Two for the No-Show

Revision as of 14:58, 8 December 2021 by Fredd-E (talk | contribs)
(diff) ← Older revision | Latest revision (diff) | Newer revision → (diff)

title Two for the No-Show
author Will Hodgkinson
publication The Times
date 2005/10/28

"Two for the No-Show" by Will Hodgkinson, The Times, 28 Oct 2005.

Original Text[edit]

This is an original text copied verbatim from the original source. Do not edit this text to correct errors or misspellings. Aside from added wikilinks, this text is exactly as it originally appeared.

Boards of Canada are so publicity shy they make Dylan look like Robbie. Will hodgkinson gets an exclusive, reclusive interview.

A fog of myth surrounds Boards of Canada. For the past decade the Scottish duo have been making beautiful instrumental music that has won them fans such as, Björk, Beck, Johnny Marr and Radiohead. Albums such as Music Has The Right To Children (1998) and Geogaddi (2002) are evocative, deliberately imperfect electronic portraits that are both elegant and threatening.

But Boards of Canada hardly ever play live, rarely grant interviews, and generally take at least three years to make a record. They don't like having their photograph taken. A visit to their website will reveal nothing more than the cover art for their latest album, The Campfire Headphase. The exist purely on the strength of their music.

A few facts emerged over the years. Marcus Eoin and Mike Sandison (left and right in our picture) met as children in the late Seventies, and were inspired by American television shows such as The Six Million Dollar Man and educational programmes from the film Board of Canada to start making music. After stints in school bands they began to work solely together, saving their pocket money to buy exotic musical instruments and spending all their free time in their self-built studio. It's only recently that they revealed that they are in fact brothers. They live in the countryside near Edinburgh, but not even their record company is quite sure where.

As I wait in the Edinburgh Film House café I'm almost expecting two versions of the Emperor from Star Wars to appear, beams shooting from their fingers. But two slightly scruffy, good-looking, resoundingly normal men in their mid-thirties walk in.

"We really don't care about image," says Marcus, pointing out the obvious. "We decided that if the music is good enough we'd just put the records out and not bother with anything else."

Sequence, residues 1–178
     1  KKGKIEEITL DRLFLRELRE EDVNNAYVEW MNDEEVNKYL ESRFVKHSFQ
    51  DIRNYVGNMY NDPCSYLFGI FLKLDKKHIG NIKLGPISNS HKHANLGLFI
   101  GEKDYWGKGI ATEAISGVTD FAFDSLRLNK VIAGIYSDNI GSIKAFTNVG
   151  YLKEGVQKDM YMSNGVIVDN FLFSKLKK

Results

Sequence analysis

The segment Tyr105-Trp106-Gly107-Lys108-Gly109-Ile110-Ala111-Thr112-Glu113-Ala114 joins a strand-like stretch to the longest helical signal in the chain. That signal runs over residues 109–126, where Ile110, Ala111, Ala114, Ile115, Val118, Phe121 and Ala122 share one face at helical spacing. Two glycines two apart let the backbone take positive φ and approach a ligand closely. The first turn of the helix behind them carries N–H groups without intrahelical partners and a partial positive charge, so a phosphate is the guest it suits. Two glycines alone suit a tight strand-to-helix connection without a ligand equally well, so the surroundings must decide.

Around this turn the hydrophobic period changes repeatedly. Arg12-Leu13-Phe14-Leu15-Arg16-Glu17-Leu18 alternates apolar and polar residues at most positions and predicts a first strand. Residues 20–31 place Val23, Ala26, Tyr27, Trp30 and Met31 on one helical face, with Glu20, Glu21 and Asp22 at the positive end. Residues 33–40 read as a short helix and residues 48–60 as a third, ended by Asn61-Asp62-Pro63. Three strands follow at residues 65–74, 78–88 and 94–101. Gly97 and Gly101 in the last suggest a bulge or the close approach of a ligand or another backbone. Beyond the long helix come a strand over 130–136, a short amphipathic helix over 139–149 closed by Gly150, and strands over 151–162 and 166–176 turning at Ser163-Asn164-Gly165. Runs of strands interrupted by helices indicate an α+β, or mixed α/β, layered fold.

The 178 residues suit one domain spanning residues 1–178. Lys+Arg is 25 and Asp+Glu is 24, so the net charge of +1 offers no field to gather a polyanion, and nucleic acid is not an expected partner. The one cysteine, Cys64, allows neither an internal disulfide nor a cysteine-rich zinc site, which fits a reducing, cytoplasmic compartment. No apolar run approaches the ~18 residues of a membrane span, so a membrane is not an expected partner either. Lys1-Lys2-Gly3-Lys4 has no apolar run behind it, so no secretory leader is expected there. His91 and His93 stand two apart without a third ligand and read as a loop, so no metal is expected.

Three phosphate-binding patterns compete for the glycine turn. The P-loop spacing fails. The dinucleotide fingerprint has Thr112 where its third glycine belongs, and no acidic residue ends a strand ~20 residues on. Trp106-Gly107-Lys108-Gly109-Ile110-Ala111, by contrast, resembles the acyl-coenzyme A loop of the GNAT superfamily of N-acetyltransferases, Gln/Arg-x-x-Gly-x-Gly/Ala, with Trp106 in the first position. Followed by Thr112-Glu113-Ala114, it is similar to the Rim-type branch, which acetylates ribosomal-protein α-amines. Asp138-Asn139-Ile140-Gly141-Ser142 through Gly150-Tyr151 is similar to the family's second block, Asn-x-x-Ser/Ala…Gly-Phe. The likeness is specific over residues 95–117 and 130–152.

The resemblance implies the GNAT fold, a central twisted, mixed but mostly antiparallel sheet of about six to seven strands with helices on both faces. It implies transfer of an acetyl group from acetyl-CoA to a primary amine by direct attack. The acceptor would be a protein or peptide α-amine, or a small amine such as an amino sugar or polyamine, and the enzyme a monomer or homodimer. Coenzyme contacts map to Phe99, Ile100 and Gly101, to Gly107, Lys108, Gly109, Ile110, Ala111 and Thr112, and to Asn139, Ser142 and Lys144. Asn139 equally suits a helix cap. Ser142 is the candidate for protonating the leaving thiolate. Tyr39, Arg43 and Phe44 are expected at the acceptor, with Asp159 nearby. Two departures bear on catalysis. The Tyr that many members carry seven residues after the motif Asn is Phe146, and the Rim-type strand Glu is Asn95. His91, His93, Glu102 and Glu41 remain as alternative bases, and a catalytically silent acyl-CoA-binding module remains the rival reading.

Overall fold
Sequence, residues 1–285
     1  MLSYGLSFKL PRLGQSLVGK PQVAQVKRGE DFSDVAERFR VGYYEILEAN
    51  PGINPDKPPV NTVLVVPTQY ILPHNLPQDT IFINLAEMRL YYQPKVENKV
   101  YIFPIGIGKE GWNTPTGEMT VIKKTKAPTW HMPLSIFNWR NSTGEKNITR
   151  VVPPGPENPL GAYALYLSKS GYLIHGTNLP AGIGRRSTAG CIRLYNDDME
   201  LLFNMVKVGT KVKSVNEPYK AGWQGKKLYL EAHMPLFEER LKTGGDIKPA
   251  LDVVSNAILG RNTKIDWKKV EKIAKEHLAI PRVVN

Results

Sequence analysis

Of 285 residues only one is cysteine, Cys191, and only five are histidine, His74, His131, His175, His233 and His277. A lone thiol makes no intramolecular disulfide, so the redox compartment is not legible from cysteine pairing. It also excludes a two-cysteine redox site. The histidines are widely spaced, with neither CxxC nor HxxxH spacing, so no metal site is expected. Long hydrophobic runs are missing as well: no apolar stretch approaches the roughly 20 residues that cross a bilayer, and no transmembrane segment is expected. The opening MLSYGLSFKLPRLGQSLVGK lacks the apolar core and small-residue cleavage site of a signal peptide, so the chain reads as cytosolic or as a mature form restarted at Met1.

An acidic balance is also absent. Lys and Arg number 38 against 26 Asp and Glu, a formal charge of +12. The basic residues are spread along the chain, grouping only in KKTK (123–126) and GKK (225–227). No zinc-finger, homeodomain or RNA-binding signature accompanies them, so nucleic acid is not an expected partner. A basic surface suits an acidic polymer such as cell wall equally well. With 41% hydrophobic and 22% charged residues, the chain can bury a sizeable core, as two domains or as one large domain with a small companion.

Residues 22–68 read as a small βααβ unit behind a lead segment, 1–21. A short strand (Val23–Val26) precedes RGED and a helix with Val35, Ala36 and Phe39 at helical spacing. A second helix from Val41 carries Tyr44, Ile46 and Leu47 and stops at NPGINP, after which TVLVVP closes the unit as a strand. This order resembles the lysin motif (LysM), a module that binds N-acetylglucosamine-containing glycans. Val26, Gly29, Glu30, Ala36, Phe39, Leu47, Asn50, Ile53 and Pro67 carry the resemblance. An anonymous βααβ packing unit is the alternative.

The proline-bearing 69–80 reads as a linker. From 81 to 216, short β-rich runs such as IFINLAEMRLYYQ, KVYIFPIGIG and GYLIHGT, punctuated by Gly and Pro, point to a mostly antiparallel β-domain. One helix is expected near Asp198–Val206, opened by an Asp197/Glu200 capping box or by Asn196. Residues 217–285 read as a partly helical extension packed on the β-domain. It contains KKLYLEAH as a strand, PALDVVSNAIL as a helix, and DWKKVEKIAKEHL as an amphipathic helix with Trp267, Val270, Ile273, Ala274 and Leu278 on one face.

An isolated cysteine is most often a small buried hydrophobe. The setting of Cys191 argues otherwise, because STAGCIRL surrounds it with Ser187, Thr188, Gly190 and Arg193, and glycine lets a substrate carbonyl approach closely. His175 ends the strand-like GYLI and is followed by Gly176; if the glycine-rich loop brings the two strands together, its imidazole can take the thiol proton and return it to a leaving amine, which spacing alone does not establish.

"Instrumental music is evocative. As soon as you attach a face to it, you tie it down," adds Mike.

Ever since they started experimenting with tape machines as children the two have been obsessed with creating the perfect sound, which explains why tit takes them so long to complete an album. Over the three-and-a-half years it took them to make The Campfire Headphase they recorded more than 400 tracks, working by themselves six or seven days a week. Don't they fear losing touch with reality?

"We aim to switch everthing off at six o'clock now," says Mike, who has been forced to change his working methods since he became a father in 2004. "For Geogaddi we worked until 4am every day and it was hellish, so we're trying to lighten up a bit for the good of our health and our family lives."

"The problem is that we're control freaks," adds Marcus. "People think of us as a couple Scottish stoners who sit around and bang out a record every few years when we can be bothered. The opposite is true."

They are, by their own admission, almost impossible to work with. Their record label, Warp, regularly receives requests from famous artists to have Boards of Canada provide remixes, to which they almost always give a civil refusal. "It got to the point where I told Warp to turn down all requests for remixes unless they were from God or Beck'" says Marcus. "Beck called a few months later."

The fact that their music is mostly electronic is largely a result of their inability to work collaboratibely. "When I was in school bands," says Mike, "I would create a minimalist electronic track, and then some guy would want to ruin it with a guitar solo."

"The only way we could be a traditional four-piece band," muses Marcus, "is if we cloned ourselves. Then the bassit wouldn't complain about only playing one note every eight bars."

It becomes apparent that Boards of Canada have a vision so singular that it puts them at odds with pretty much everything else going on in the modern world.

The Campfire Headphase has a timeless quality in its blend of melody and dissonnance, and despite being made mostly on traditional instruments it sounds so much more rich and imaginative than most contemporary pop music.

As they talk about their favourite films - the psychadelic surf movie Crystal Voyager, Antonioni's panoramic Zabriskie Point'' - Mike and Marcus come across as commited to their art and curious about life. "If all goes according to plan, everything we've done so far will be just one stage in our development," Mike says, "Boards of Canada is the tip of the iceberg."



External Links[edit]